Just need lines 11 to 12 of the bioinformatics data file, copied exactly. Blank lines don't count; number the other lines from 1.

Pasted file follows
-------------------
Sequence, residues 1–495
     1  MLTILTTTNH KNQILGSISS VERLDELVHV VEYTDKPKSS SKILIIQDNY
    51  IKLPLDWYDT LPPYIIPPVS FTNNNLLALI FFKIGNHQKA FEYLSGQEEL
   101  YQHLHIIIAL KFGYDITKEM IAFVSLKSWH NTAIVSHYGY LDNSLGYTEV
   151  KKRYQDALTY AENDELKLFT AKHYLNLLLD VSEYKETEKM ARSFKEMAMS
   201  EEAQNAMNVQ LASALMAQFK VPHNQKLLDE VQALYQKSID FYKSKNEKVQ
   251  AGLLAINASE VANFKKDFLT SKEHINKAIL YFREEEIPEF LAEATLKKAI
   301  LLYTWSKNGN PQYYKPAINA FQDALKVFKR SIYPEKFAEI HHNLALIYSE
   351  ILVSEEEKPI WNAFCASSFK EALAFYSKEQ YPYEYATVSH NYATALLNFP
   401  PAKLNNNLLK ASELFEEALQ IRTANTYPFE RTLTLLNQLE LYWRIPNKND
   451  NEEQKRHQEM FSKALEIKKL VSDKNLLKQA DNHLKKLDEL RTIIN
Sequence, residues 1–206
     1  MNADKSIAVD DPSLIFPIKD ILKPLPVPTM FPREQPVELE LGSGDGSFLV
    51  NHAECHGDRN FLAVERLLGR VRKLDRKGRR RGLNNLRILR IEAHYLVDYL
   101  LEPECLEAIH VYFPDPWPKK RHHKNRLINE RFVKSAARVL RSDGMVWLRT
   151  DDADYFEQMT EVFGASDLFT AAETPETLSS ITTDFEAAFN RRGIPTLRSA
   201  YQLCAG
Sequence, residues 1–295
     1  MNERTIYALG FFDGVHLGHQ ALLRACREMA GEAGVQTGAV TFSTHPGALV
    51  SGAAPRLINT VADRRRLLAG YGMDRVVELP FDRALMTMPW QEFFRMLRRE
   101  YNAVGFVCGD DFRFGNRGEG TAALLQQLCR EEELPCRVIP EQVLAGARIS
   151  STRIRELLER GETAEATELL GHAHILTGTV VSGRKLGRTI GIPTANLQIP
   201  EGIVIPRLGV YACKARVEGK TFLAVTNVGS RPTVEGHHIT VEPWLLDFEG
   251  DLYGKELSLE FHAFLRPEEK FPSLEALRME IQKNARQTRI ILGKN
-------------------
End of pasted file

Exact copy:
   451  NEEQKRHQEM FSKALEIKKL VSDKNLLKQA DNHLKKLDEL RTIIN
Sequence, residues 1–206